2

From what I understood, compressed private keys are supposed to represent the same secret key, stored more efficiently thus taking up less space. I assume 'more efficiently' has to do with secp256k1 specifics that I'm not aware of, but I'll take that for granted.

However, when I compare a few compressed and uncompressed private keys:

# example private key
hex: 
85B7DFAB8D2C695C0EBF013AD50A758FDBC62775391B7CE33282634F7DB47480
uncompressed:
5JqBEaUuYJFA4dQsd62ys13RumxCGu97BRu3LzwaVduD8MQnFwc
compressed:
L1heAvnAu97V11iNSHDjyhBiwwQcmB8nH2thMGjtqPsSXKaZ9VwY

# another example private key
hex:
6190289CEB09ED41776AE27AE81F46C6540C56CF8F3900BCAADE96B4470F23D6
uncompressed:
5JZFhabXLayCMCehpyhdCPZ5LXwvgvu3gX4Png4xYzCWYCXJ3jx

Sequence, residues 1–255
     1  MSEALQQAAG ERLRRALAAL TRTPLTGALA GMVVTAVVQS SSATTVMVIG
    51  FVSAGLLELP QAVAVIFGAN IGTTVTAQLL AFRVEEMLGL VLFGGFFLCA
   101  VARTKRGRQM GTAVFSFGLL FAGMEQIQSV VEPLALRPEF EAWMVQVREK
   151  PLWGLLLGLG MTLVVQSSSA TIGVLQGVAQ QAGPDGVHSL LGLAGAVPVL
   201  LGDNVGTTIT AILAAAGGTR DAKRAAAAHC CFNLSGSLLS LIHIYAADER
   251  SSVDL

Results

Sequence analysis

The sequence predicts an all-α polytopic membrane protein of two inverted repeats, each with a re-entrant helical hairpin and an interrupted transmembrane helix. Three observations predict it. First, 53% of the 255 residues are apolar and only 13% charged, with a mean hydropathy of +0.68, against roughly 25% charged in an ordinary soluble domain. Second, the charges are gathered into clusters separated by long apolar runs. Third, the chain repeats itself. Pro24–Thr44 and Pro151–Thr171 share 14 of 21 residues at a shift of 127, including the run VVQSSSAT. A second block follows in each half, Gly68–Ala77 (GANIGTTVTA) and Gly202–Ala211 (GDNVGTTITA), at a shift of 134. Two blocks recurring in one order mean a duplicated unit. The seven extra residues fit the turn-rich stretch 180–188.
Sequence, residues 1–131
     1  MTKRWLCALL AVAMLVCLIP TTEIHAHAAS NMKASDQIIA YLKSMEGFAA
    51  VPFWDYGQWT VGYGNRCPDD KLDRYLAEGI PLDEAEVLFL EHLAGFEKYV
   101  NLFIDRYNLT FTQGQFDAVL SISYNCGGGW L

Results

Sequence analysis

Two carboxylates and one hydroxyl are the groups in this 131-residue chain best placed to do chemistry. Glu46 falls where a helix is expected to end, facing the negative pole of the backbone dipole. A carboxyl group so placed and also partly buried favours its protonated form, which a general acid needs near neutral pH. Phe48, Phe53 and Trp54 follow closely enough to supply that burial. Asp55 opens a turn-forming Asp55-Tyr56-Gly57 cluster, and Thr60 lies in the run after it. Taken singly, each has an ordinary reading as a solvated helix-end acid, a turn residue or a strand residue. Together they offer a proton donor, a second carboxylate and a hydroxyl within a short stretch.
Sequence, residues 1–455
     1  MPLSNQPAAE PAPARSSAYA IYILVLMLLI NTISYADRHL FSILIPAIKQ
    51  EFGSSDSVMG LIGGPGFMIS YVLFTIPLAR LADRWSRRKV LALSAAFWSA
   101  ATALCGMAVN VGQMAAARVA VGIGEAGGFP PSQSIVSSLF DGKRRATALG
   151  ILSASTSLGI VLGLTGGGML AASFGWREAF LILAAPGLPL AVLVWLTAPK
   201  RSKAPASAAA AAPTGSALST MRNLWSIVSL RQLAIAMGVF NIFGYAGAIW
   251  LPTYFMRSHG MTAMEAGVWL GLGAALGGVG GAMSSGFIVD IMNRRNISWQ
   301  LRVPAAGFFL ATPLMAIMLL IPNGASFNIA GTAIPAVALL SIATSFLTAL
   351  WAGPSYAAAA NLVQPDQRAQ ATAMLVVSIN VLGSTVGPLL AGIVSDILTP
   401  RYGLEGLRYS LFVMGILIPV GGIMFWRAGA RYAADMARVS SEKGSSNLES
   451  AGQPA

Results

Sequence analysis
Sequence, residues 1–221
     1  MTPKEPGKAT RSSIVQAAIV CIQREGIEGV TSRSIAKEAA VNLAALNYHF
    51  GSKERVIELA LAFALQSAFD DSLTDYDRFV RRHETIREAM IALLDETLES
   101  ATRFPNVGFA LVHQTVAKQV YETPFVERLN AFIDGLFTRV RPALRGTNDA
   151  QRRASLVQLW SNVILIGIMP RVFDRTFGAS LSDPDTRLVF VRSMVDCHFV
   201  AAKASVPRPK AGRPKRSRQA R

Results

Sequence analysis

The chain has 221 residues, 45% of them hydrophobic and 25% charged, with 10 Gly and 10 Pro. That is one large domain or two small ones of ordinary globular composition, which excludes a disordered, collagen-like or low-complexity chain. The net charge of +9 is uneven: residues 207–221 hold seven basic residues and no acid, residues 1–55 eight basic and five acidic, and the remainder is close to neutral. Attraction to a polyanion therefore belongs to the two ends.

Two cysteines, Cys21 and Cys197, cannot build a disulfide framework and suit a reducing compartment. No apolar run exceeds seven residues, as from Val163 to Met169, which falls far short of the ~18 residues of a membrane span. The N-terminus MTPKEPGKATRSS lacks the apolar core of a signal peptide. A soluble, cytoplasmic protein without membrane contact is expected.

compressed:
KzVMt7HNuSw36ARRCmGJmGYa9DbRyEtiqRfyabSUCBToNRwMrAog

# yet another example private key
hex:
763B1998BF7282A99CA21EB821EB9A204589FFA189E290EE64528854FDA91080
uncompressed:
5JiMdW1Czd3tTuy33wiC5wmrkhZxx2PNcC7NVZoFc7AixTVgmf5
compressed:
L1BY471uwL7k9nnL3zUovpkzbt4Vws7kNL37s5m9TxDvBjnadvMy

# etc

I notice that the compressed version (at least the WIF/base58 representation) of a key always seems to be longer. Why's that?

6

Because they are not compressed private keys. They are private keys with a marker that indicates that their corresponding public should be compressed. That extra marker takes an extra byte.

0

by the specification.

they are not "typically longer"

they are "always longer by 1 symbol"

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